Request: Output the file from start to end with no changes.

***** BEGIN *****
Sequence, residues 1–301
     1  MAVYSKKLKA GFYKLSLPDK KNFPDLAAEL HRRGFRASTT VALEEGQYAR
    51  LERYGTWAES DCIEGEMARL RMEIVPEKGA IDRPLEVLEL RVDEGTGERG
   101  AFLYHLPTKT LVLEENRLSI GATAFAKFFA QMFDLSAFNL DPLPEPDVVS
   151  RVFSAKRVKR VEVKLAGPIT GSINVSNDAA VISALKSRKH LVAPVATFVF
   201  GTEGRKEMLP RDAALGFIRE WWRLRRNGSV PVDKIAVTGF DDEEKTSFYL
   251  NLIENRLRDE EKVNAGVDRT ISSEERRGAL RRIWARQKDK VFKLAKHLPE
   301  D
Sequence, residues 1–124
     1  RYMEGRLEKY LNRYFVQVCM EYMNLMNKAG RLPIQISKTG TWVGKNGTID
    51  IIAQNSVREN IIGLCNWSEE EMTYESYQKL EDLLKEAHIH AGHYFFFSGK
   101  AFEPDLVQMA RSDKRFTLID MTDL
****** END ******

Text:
Sequence, residues 1–301
     1  MAVYSKKLKA GFYKLSLPDK KNFPDLAAEL HRRGFRASTT VALEEGQYAR
    51  LERYGTWAES DCIEGEMARL RMEIVPEKGA IDRPLEVLEL RVDEGTGERG
   101  AFLYHLPTKT LVLEENRLSI GATAFAKFFA QMFDLSAFNL DPLPEPDVVS
   151  RVFSAKRVKR VEVKLAGPIT GSINVSNDAA VISALKSRKH LVAPVATFVF
   201  GTEGRKEMLP RDAALGFIRE WWRLRRNGSV PVDKIAVTGF DDEEKTSFYL
   251  NLIENRLRDE EKVNAGVDRT ISSEERRGAL RRIWARQKDK VFKLAKHLPE
   301  D
Sequence, residues 1–124
     1  RYMEGRLEKY LNRYFVQVCM EYMNLMNKAG RLPIQISKTG TWVGKNGTID
    51  IIAQNSVREN IIGLCNWSEE EMTYESYQKL EDLLKEAHIH AGHYFFFSGK
   101  AFEPDLVQMA RSDKRFTLID MTDL